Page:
Rehab Diary for Patellar Tendon Lengthening Surgery - Months 3 - 6

Below is a summary of months 3 through 6 rehabilitation after reconstruction of my patellar tendon by Dr. Noyes. As always,  I must express my sincere gratitude to the staff at CSM for the treatment that I received.

9/15/07 - 8.5 weeks post-op. I managed to avoid being jabbed with any needles in the last week. On Thursday, I lost the competition with an 80 year old man on the ERMI (the torture chair designed to help bend your knee) he got to flexion of 132 and I got to 131. We had all the patients and PT staff cheering us on. Tim couldn't figure out what all the ruckus was, he just wanted to put someone on the ERMI. By Friday, I had all the therapists shaking their hands, rubbing their thumbs, and huffing/puffing as they tried to work on my knee.

I'm happy to say that I left Cincinnati for home yesterday and slept in my own bed last night. Mom flew home today. It was quite a battle over the last 8.5 weeks to rehab my knee after the surgery and there were many ups and downs. I still have months of rehab to go, but life is so much better now. Following the surgery it was extremely painful to get to 90 to 100 degrees flexion and 0 degrees extension with overpressure, but after a MUA at 3 weeks, a nerve block at 5 weeks, a lot of painful patella mobs (twice a day) between weeks 5 and 7 (patella mobs were done all along, but this timeframe was the worst), and several changes in medications (after week 4), I could see some progress at week 6 and significant progress was made at week 7 and then the recovery just started to take off. Every few days I would gain 5 degrees or so in flexion. I left CSM at 130 degrees flexion (the goal was 120) with overpressure and 110 degrees flexion actively. I can reach 0 degrees extension with relative ease and hang weights just because that is part of my routine more so that I need to do it.

If I can offer one piece of advice to those of you traveling out of town to seek treatment from a doctor who specializes in arthrofibrosis (or the condition that afflicts you), make the commitment in time, finances, and resources to be treated by the PT staff of that doctor. I initially planned on spending 4 weeks in Cincinnati, which would have allowed for 3.5 weeks of PT at CMSOC after my surgery. Every week the therapist and doctor changed the treatment plan depending on my progress (or lack of). If I had gone home 3.5 weeks after the surgery, I would have missed out on the most important treatment options or critical treatment would have been delayed too long. I think there were times that everyone was frustrated with the lack of progress, but we just kept at it until some results were seen. It was tireless dedication by myself and the PT staff. I sure didn't see this kind of result from my first therapist. I will be paying off the lodging expenses and battling the insurance company for many months to come, but it will be worth it in the end. I can't thank Dr. Noyes and the PT staff at CSM enough for what they had done to improve my quality of life.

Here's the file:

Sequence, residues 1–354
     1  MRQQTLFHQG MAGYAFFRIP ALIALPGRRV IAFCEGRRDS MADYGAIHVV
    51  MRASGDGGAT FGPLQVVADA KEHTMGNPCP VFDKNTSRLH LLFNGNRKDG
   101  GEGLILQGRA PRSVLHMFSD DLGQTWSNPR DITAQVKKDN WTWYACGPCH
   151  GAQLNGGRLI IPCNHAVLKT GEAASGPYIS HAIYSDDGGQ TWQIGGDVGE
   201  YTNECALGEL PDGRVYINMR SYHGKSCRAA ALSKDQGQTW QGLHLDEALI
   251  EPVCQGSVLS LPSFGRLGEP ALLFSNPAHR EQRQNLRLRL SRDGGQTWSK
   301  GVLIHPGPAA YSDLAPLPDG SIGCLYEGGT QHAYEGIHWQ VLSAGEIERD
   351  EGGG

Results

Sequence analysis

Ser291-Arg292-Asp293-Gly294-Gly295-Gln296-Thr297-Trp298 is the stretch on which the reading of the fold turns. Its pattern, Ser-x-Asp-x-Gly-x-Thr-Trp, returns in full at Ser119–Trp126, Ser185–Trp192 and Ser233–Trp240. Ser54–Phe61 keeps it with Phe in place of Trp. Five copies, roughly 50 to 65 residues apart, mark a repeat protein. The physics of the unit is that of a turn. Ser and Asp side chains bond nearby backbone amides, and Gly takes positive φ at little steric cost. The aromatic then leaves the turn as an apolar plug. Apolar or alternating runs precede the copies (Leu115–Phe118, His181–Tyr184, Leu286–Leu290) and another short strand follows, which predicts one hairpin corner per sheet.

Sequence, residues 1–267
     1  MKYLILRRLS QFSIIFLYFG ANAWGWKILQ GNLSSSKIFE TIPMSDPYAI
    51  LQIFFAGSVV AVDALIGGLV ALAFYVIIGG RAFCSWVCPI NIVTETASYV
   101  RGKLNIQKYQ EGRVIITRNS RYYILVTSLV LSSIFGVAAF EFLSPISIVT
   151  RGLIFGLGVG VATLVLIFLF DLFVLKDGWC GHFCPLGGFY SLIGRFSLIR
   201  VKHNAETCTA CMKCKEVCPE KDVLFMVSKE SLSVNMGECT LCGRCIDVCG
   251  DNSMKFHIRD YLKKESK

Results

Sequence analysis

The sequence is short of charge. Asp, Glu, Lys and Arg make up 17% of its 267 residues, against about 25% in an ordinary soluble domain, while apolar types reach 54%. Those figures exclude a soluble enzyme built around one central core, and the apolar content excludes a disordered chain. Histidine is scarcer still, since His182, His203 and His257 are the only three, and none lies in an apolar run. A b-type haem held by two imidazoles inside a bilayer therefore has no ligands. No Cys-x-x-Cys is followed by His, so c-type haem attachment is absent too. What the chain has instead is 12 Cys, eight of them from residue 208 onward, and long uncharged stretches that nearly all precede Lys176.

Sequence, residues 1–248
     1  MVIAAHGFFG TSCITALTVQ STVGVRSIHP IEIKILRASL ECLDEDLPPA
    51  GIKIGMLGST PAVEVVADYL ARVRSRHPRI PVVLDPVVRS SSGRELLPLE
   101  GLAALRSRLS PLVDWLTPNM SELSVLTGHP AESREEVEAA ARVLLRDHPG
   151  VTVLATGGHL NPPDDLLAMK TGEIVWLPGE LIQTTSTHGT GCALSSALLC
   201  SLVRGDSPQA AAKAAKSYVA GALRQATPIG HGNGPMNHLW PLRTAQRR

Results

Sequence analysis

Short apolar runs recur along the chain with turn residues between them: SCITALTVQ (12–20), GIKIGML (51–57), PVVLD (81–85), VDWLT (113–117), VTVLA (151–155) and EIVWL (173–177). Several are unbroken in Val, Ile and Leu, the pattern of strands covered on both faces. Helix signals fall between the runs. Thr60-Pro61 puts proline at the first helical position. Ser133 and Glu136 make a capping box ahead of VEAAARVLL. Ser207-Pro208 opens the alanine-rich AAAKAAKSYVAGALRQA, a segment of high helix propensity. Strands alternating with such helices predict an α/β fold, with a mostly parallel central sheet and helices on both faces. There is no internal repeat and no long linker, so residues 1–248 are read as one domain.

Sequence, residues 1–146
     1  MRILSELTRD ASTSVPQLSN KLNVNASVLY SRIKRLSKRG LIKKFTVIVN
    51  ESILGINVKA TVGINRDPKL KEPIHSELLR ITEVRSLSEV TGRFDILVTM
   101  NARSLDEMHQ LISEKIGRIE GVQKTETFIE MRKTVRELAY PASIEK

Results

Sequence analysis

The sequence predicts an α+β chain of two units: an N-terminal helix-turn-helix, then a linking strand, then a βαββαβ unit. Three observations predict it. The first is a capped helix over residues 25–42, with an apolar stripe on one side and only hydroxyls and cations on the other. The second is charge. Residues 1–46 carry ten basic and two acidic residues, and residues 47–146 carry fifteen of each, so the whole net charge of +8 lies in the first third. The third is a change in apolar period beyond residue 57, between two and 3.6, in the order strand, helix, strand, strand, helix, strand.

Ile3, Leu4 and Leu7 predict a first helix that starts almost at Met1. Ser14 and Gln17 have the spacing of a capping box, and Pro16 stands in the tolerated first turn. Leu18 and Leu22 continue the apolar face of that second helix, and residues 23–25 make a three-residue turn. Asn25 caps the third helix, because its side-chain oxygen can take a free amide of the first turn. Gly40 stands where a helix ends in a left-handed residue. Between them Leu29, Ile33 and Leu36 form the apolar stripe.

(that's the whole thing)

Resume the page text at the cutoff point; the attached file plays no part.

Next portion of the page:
9/20/07 - 9 weeks post-op. Where did the time go? I have been home almost a week and went to see my hometown PT today for my initial evaluation. This is a new therapist that I have not seen before and was recommended by a friend of a friend. Given that I just spent 8 weeks at CSM the bar was set pretty high and since my previous hometown PT experience was not too good, my expectations were pretty low. Much to my surprise, this therapist knew about and has treated arthrofibrosis. He observed that my knee was warm. Considering how hot my knee has been, I thought it was rather cool. It was just nice that he acknowledged this as a potential problem. He poked and prodded both legs from the mid thigh down to the ankles and zeroed in on the problem areas in my left knee. Granted the whole knee is a problem area, but he has chosen to work on the areas that have not been treated as aggressively. His technique for addressing the scar tissue on the medial side of the knee is different than anything I have experienced to date. He took a pair of medical scissors and with the pointy end plucked the skin like it was a guitar. The look on my face was probably priceless. This "plucking" was done over an area about 1 in by 2 in and now it looks like I have the measles in that area. I only did a little bit of strengthening work at therapy, so I'm going to have to keep at this outside of PT. This therapist wants me to really focus on stretching my quad every 2 hours. The good note is that I have been able to maintain my active range of motion and improve on it a little (flexion 126). My only concern is that they didn't worry about the extension too much and keep putting a pillow under my knee (which I kept removing). They kept saying that they wanted me to be comfortable. Who needs to be comfortable when they are inflicting pain?